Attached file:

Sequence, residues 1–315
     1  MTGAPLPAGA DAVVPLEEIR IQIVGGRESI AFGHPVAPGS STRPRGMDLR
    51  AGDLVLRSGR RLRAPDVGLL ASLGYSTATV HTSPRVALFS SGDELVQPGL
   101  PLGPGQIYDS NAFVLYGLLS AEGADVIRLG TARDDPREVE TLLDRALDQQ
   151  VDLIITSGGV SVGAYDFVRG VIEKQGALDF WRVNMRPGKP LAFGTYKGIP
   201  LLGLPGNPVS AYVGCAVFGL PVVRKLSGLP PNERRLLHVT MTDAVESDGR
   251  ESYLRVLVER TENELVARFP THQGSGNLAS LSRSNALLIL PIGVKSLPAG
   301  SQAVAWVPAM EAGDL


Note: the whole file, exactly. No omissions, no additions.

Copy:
Sequence, residues 1–315
     1  MTGAPLPAGA DAVVPLEEIR IQIVGGRESI AFGHPVAPGS STRPRGMDLR
    51  AGDLVLRSGR RLRAPDVGLL ASLGYSTATV HTSPRVALFS SGDELVQPGL
   101  PLGPGQIYDS NAFVLYGLLS AEGADVIRLG TARDDPREVE TLLDRALDQQ
   151  VDLIITSGGV SVGAYDFVRG VIEKQGALDF WRVNMRPGKP LAFGTYKGIP
   201  LLGLPGNPVS AYVGCAVFGL PVVRKLSGLP PNERRLLHVT MTDAVESDGR
   251  ESYLRVLVER TENELVARFP THQGSGNLAS LSRSNALLIL PIGVKSLPAG
   301  SQAVAWVPAM EAGDL